Saturday, December 8, 2007

Links and Blog Posts

The Rejecter has this to say:

Writers who plug your blog: Don't do it. First of all, I know you're doing it so that I (or other industry people who read this blog) might wander their, discover your genius, and email you with a 5-figure offer based on the novel excerpt you have up. Or worse, you're plugging your self-published book that needs sales beyond your friends and family. Well, we all know what you're doing, so stop it. Second, it looks really tacky. (

Who is the Rejecter? She claims to be an Assistant Literary Agent. I have no way to either confirm or deny her claim, but that doesn't matter. She does have a blog and so she does have an opinion about the posts that people make to blogs and she does bring up an interesting subject.

For my part, I never post links to other people's blogs in hopes that someone will notice my work and offer me a five-figure offer. If I am going to have an unrealistic dream, I might as well make it six or seven figures. She goes on to say that she is talking about people who sign their posts with a link. Now making statements like "see my new book by visiting this link" can be irritating, but I think that the Rejector is wrong to assume that everyone who tags their blog comments with a link is doing so for the sole purpose of getting noticed by someone like her.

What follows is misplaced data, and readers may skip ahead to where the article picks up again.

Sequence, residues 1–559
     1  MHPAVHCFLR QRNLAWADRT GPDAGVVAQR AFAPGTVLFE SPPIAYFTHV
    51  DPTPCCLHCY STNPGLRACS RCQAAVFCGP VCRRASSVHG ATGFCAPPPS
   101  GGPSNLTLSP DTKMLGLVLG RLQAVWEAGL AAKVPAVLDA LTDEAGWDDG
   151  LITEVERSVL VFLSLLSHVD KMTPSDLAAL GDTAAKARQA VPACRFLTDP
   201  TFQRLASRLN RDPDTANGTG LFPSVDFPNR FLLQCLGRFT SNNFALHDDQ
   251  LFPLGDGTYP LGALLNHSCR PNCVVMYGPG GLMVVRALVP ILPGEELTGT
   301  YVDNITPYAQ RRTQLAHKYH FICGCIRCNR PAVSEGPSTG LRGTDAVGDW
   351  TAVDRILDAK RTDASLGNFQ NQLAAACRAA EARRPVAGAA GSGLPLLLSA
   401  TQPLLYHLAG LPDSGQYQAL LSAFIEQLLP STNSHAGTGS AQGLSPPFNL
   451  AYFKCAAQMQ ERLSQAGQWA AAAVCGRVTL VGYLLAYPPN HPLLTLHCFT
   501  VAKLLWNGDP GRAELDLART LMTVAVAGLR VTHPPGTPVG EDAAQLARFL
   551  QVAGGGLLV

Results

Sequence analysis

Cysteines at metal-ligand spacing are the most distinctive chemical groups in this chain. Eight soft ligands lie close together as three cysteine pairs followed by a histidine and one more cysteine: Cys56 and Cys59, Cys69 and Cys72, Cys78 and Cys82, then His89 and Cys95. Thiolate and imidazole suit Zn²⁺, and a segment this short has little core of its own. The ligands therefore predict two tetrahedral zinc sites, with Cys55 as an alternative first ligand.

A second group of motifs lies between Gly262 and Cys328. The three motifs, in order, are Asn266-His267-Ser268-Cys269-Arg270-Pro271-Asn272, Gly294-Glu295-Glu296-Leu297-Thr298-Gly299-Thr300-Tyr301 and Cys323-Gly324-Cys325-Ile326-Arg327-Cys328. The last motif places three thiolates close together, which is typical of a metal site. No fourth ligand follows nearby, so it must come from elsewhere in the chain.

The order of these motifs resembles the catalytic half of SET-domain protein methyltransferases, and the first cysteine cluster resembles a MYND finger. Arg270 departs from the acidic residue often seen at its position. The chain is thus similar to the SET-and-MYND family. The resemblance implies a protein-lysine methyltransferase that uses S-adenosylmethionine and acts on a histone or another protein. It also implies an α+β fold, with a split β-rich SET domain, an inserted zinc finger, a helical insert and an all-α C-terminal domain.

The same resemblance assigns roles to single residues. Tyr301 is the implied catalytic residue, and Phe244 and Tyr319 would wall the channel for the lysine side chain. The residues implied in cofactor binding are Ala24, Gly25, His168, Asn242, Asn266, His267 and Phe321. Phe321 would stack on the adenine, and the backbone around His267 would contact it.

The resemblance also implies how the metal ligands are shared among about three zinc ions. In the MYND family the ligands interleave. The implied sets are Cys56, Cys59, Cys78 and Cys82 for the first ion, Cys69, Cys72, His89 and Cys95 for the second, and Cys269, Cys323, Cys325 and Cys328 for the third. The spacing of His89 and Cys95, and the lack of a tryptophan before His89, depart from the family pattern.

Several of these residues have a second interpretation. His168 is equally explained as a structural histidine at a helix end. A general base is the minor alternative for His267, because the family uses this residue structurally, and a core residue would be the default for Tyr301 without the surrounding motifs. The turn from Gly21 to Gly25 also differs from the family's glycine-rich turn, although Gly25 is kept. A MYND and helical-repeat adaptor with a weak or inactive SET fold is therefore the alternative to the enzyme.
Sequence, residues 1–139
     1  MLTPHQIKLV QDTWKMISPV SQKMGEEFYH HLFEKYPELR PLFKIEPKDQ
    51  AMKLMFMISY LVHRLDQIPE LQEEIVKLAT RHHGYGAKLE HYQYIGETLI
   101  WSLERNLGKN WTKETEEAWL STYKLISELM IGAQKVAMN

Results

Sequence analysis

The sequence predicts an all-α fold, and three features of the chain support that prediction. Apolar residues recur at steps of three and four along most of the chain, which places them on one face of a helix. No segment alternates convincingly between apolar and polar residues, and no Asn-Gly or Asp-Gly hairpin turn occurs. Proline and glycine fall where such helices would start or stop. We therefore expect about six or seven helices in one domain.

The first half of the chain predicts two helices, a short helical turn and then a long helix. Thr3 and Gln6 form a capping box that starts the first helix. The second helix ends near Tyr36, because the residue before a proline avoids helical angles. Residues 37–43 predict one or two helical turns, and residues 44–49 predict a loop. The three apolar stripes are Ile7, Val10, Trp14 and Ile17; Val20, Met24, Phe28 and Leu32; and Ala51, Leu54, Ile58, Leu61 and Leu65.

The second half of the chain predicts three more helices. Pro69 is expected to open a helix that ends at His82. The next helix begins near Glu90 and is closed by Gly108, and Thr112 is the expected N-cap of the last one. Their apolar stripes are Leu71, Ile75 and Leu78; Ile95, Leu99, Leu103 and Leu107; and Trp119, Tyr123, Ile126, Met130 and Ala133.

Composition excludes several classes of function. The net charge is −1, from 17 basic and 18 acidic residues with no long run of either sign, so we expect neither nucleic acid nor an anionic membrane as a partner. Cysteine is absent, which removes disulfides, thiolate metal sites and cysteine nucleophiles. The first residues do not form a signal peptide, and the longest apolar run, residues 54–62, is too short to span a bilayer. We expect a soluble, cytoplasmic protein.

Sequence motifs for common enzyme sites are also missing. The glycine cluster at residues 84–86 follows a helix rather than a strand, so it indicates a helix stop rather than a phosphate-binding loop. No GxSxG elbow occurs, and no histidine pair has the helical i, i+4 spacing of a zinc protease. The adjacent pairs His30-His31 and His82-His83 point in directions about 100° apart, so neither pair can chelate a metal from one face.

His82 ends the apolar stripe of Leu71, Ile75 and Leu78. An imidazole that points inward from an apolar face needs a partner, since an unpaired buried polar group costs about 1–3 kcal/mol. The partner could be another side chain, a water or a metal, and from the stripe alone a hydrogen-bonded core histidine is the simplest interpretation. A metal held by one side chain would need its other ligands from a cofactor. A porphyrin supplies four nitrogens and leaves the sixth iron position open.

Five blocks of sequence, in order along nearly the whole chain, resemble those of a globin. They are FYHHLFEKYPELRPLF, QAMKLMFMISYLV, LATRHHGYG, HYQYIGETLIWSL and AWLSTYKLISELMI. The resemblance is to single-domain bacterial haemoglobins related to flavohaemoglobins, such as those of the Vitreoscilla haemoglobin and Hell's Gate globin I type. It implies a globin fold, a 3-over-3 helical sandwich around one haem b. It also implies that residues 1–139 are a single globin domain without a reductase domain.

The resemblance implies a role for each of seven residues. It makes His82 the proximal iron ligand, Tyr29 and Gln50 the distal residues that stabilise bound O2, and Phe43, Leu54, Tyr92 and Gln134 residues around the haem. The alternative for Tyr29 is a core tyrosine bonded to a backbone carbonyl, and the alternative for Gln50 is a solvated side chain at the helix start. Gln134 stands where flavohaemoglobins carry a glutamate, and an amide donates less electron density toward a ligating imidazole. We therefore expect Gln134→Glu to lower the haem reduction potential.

There are people who participate in blogs just for the social interaction, but let's ignore those and consider people who are doing so to sell books. The chances of an industry professional paying attention because of a link are about like those of winning the lottery, so it is unlikely that people are pinning their hopes on that. The chances of a person buying a book after the author posts a comment that says, “read my book” are greater, but links from blogs serve another purpose. Posting comments with links is a way of building a name. We don’t really know people on the web. For example, I don’t know who the Rejector is. She knows more about me than I know about her. But if I began to see comments that tied back to her blog then I could form an opinion based on those comments. Some people begin to develop a friendship through interaction on blogs. The links help to identify who these people are. When friendships develop, even if these friends do not buy a book, or make an offer on a manuscript, they may be more willing to help in a way that is mutually beneficial to both.

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